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The Royal Institute of Naval Architects

Jotun 09/11/2016

Bentley Systems 10/11/16

Depth versus width of engineering courses.

One of the issues which was discussed during the 2012 International Conference on the Education and Professional Development of Engineers in the Maritime industry was depth versus width of engineering courses.

There are more and more specialist options that undergraduates can take. For example within Naval Architecture you can now specialise in small boat design, offshore engineering, subsea engineering, pipeline engineering offshore renewable energy, etc. What types of engineers does industry really want? For the ancient Greeks philosophers it was possible to study all subjects; art, music, mathematics, natural science, etc. In the 19th century it was still possible for engineers to cover many different fields. Brunel was involved in railway, bridge and ship design. Even the father of modern hydrodynamics William Froude also worked on designing agricultural equipment, measurement instrumentation, railways lines and even produced a paper on the “soaring of birds”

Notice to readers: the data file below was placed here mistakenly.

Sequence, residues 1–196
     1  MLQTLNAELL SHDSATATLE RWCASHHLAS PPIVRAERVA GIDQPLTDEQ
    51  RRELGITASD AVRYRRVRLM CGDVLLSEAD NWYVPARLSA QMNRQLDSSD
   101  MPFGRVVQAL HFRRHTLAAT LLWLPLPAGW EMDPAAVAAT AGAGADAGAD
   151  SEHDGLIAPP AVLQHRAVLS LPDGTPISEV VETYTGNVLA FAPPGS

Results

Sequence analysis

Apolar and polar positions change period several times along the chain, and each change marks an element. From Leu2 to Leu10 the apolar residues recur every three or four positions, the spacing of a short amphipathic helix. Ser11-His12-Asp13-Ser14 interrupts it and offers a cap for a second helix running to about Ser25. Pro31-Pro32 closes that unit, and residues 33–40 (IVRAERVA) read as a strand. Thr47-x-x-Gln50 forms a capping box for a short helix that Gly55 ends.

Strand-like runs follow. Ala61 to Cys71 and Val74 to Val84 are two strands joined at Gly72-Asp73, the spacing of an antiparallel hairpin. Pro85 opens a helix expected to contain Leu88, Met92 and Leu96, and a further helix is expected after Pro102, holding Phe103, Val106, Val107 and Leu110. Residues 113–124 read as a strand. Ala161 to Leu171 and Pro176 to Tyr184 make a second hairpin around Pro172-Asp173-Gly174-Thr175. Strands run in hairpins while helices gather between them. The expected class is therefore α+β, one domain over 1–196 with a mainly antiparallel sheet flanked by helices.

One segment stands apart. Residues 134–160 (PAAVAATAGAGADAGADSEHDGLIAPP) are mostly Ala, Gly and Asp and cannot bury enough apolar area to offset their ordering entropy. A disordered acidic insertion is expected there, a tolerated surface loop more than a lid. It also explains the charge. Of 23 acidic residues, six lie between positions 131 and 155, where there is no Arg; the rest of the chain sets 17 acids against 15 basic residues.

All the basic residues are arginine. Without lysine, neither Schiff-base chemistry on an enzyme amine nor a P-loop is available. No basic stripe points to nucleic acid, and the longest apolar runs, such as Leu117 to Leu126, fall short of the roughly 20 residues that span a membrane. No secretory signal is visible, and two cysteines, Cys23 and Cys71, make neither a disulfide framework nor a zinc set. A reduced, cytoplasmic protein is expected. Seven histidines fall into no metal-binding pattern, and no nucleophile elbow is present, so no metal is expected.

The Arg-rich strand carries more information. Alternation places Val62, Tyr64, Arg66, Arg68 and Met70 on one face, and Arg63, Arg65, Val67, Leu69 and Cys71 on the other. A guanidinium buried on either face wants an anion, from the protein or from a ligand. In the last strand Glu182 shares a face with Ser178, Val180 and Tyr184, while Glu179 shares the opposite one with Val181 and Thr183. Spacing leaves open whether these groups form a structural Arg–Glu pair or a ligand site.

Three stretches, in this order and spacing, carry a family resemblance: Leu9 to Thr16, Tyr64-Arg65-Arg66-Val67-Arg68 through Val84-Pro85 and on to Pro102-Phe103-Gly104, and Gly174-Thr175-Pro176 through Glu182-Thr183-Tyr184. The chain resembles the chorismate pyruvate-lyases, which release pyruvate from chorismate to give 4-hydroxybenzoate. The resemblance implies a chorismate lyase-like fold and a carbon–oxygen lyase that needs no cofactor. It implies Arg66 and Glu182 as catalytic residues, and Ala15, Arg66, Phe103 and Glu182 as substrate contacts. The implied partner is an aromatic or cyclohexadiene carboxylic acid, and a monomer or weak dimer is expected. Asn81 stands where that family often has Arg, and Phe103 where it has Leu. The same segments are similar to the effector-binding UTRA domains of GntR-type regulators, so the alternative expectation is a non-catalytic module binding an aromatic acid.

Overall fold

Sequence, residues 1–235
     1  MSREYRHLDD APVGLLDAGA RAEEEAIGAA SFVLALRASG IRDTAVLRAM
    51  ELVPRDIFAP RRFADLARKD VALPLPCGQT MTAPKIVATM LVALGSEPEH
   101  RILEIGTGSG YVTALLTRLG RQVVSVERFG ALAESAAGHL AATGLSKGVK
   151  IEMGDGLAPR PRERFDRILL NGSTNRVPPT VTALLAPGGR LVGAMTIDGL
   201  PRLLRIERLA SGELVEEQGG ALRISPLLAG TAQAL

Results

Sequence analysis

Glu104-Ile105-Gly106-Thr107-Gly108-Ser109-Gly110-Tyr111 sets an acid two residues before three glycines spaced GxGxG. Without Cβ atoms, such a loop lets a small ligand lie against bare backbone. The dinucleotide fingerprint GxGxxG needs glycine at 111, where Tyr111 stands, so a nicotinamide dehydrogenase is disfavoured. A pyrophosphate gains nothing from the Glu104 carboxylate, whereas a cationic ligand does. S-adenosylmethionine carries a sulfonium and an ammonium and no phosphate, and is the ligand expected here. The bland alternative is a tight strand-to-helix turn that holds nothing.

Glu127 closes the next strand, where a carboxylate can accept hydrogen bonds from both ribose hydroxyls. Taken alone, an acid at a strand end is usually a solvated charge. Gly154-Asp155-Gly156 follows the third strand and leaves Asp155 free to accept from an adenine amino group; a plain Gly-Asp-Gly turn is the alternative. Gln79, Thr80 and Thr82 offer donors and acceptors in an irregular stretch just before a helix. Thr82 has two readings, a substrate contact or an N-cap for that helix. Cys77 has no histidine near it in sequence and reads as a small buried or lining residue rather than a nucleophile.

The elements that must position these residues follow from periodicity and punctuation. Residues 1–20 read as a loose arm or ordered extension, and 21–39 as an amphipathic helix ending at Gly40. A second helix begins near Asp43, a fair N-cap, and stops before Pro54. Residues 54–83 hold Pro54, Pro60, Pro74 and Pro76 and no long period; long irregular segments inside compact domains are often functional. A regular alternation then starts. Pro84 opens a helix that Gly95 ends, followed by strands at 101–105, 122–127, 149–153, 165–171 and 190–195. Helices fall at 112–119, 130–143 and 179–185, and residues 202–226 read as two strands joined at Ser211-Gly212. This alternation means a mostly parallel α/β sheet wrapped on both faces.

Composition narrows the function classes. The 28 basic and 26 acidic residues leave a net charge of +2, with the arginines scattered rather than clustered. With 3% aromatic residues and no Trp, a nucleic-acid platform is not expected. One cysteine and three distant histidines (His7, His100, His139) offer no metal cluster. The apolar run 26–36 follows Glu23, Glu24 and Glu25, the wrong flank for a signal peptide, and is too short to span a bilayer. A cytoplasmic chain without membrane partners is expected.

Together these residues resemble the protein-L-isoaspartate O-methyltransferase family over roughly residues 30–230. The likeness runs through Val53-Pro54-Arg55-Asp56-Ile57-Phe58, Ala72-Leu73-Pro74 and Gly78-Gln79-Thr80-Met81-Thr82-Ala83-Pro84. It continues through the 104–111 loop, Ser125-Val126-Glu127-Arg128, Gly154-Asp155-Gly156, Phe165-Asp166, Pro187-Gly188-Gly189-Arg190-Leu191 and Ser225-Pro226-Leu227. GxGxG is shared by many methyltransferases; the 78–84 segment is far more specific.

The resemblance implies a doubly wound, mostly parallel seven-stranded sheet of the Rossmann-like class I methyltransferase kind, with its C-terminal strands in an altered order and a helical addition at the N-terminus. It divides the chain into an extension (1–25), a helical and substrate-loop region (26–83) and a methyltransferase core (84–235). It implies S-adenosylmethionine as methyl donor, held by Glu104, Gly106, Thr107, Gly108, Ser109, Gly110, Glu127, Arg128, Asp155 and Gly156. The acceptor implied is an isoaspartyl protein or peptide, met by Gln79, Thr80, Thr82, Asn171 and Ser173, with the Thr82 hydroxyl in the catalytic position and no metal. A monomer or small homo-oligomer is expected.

However, are large engineering projects today so complex that it is impossible to anyone to totally understand the whole process? Is the best that that can be hoped for is a project manager/systems engineer with a broad understanding of the various engineering disciples who managing a team of specialist engineers?

Whether undergraduate or graduate, what are your views?

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